The Times-Picayune | The New Orleans Advocate
The head of the state agency that regulates private security companies was arrested on drug and weapons charges, and the board that oversees it will meet Thursday and consider whether to fire her.
The board fired her predecessor last year amid complaints of financial and sexual misconduct.
“It’s unfortunate what’s going on, because a lot of the board members are trying to essentially get away from that persona that everyone in Louisiana politics and government are corrupt,” said Jason Wilbur of DeRidder, one of nine board members.
Law officers who had gone to an Albany fast food restaurant Tuesday to arrest a man on drug charges said they found Bridgette Hull, 37, in the middle of a drug transaction with him.
Steven McCarthy, 37, a Baton Rouge man sought by the attorney general’s office, sped away and later crashed on Interstate 12, triggering a seven-mile backup just ahead of rush hour, the Livingston Parish Sheriff’s office said.
Hull was booked with two counts of possession with intent to distribute a Schedule I drug, possession with intent to distribute a Schedule II drug and possession of a firearm with a controlled dangerous substance, deputies said.
Hull became the executive secretary of the Louisiana State Board of Private Security Examiners after its commissioners voted 5-3 last September to fire its previous leader, Fabian Blache III. An internal report accused Blache of seeking reimbursements to which he was not entitled, and that he was named in an additional sexual harassment complaint.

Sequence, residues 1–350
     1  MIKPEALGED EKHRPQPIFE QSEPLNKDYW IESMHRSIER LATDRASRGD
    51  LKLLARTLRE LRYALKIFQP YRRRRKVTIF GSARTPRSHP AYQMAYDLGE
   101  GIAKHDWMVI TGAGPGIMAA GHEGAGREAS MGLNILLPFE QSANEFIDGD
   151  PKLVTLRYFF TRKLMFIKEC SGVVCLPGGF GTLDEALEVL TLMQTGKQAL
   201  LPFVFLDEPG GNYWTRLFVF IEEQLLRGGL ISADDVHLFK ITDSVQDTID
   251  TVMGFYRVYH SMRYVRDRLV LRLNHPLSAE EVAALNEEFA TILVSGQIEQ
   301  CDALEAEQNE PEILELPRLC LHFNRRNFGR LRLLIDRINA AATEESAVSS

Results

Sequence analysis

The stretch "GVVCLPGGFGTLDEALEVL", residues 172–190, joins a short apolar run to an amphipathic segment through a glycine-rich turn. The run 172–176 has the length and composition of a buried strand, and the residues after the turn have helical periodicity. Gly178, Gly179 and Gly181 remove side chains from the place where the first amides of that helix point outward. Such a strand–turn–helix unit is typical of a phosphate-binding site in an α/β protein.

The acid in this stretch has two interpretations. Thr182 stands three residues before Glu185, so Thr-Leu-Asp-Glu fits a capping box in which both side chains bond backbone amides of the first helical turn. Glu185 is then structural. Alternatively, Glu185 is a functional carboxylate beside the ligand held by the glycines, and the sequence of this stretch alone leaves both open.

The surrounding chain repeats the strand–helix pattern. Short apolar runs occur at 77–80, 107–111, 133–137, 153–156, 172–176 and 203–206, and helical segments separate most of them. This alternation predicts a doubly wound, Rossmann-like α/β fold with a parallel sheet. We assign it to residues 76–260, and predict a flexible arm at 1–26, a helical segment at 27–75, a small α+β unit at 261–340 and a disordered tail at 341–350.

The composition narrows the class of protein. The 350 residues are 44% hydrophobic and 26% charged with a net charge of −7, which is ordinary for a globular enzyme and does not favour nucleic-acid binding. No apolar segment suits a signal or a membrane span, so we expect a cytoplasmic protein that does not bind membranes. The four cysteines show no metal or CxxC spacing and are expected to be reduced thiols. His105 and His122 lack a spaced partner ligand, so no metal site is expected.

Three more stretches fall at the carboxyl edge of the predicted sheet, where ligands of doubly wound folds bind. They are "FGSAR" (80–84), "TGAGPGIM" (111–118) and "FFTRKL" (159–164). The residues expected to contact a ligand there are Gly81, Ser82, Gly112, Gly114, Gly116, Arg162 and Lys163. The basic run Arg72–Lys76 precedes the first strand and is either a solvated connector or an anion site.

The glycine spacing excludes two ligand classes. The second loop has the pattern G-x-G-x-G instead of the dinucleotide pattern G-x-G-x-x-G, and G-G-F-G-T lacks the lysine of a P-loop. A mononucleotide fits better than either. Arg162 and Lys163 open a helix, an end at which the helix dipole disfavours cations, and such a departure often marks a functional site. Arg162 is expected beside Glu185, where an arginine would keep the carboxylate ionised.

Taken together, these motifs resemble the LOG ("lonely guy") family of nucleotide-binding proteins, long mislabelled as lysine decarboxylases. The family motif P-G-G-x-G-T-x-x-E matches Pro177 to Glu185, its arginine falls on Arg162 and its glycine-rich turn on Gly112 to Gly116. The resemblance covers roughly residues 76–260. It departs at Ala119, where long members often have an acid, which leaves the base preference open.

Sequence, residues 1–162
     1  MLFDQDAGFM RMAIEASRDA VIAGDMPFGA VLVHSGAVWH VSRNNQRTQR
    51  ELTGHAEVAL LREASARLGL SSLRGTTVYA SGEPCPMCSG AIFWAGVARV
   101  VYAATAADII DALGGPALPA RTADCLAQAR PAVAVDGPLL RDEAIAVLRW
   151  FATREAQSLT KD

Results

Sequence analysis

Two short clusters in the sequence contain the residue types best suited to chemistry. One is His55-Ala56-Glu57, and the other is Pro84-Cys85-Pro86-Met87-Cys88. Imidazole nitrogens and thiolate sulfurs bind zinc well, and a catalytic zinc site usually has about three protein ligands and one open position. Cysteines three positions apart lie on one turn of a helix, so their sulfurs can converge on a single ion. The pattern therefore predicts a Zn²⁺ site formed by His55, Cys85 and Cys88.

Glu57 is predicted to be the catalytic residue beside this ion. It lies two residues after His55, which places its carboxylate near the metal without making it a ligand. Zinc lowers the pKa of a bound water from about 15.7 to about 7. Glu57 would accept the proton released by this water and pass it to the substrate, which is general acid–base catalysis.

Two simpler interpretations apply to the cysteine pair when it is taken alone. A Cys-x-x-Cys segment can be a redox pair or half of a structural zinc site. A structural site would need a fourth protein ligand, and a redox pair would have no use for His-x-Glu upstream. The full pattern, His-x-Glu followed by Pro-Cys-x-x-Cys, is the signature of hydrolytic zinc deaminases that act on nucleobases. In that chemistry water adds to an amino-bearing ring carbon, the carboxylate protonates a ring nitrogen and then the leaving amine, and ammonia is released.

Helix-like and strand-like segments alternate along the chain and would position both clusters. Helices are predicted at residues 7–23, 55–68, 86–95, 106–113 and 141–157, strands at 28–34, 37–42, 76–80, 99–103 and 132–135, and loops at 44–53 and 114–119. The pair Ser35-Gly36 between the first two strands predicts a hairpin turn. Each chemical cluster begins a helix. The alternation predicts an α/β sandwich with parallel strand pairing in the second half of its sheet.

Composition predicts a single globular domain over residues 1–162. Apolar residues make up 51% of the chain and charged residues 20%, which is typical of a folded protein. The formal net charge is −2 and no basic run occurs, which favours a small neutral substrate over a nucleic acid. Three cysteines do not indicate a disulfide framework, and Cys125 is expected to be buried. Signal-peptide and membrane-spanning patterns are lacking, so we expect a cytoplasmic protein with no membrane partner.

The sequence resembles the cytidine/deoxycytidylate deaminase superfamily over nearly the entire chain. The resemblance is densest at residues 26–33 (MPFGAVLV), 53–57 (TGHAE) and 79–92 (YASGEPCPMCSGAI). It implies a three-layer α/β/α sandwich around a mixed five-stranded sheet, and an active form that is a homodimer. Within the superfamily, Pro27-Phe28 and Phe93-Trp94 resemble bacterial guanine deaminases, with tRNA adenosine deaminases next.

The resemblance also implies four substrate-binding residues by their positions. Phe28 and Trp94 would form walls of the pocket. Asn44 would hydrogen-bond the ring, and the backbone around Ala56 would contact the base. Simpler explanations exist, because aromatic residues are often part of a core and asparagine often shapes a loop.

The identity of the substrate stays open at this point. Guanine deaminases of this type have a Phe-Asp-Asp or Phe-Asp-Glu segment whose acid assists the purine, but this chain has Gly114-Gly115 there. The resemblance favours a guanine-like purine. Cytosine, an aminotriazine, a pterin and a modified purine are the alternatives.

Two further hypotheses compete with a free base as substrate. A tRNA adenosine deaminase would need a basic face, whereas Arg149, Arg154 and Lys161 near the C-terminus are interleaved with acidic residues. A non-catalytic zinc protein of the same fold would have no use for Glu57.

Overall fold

Hull was hired on a 6-1 vote. She makes $85,000 a year and is given a car allowance of up to $300 a month, state records show.
Her agency is tasked with making sure private security guards in the state have proper training, equipment and qualifications. It deals regularly with guards, instructors and company owners statewide.
“She was such a good young lady, though,” said board member Scott Ford of St. Francisville. “It’s shocking; it’s truly shocking. But we’ll pick up and carry on.”
Blache and Hull had been placed on paid leave in 2018 after the agency’s staff leveled several complaints against them alleging inappropriate workplace behavior.
Allegations to the Equal Employment Opportunity Commission claimed the use of inappropriate language, sexually suggestive behavior including giving each other neck massages in front of other staff, and failing to record time away from the office as vacation time.
Blache and Hull denied the allegations, but the examiners’ board said it had substantiated a few of the 13 allegations against them. It let Blache keep his job, on a 5-4 vote, and left it to him to decide whether Hull should be disciplined.
Board members said that even though they let Blache keep his job, the allegations showed a level of unprofessional behavior and an unhealthy culture in the office that needed to change. After their 2018hearing, Blache called the findings “a bunch of junk” and “salacious garbage.”
The board on Wednesday posted a notice of an emergency meeting on Thursday. Members are expected to enter an executive session to discuss if Hull should “continue to hold (her position) or be terminated from the position,” according to an agenda posted online.
Ford said Stephanie Richardson, a compliance inspector for the agency, has been named the interim executive secretary.
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